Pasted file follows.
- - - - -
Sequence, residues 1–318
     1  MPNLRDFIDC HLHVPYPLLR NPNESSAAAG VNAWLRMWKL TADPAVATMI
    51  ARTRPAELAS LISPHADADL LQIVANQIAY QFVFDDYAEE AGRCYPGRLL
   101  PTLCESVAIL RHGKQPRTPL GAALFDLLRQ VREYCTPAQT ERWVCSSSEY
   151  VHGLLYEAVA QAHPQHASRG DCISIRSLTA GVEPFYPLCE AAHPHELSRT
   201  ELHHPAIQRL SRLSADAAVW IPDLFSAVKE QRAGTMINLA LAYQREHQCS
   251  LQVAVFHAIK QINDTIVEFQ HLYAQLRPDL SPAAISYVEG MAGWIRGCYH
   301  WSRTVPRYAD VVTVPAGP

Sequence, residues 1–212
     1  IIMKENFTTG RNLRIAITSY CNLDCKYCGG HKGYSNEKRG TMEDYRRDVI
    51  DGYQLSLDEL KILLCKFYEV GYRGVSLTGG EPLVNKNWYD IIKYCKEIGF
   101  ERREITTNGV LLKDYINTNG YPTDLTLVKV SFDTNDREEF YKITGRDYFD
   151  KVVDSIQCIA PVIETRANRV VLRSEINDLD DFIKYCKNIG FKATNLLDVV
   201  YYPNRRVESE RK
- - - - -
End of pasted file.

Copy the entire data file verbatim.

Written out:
Sequence, residues 1–318
     1  MPNLRDFIDC HLHVPYPLLR NPNESSAAAG VNAWLRMWKL TADPAVATMI
    51  ARTRPAELAS LISPHADADL LQIVANQIAY QFVFDDYAEE AGRCYPGRLL
   101  PTLCESVAIL RHGKQPRTPL GAALFDLLRQ VREYCTPAQT ERWVCSSSEY
   151  VHGLLYEAVA QAHPQHASRG DCISIRSLTA GVEPFYPLCE AAHPHELSRT
   201  ELHHPAIQRL SRLSADAAVW IPDLFSAVKE QRAGTMINLA LAYQREHQCS
   251  LQVAVFHAIK QINDTIVEFQ HLYAQLRPDL SPAAISYVEG MAGWIRGCYH
   301  WSRTVPRYAD VVTVPAGP

Sequence, residues 1–212
     1  IIMKENFTTG RNLRIAITSY CNLDCKYCGG HKGYSNEKRG TMEDYRRDVI
    51  DGYQLSLDEL KILLCKFYEV GYRGVSLTGG EPLVNKNWYD IIKYCKEIGF
   101  ERREITTNGV LLKDYINTNG YPTDLTLVKV SFDTNDREEF YKITGRDYFD
   151  KVVDSIQCIA PVIETRANRV VLRSEINDLD DFIKYCKNIG FKATNLLDVV
   201  YYPNRRVESE RK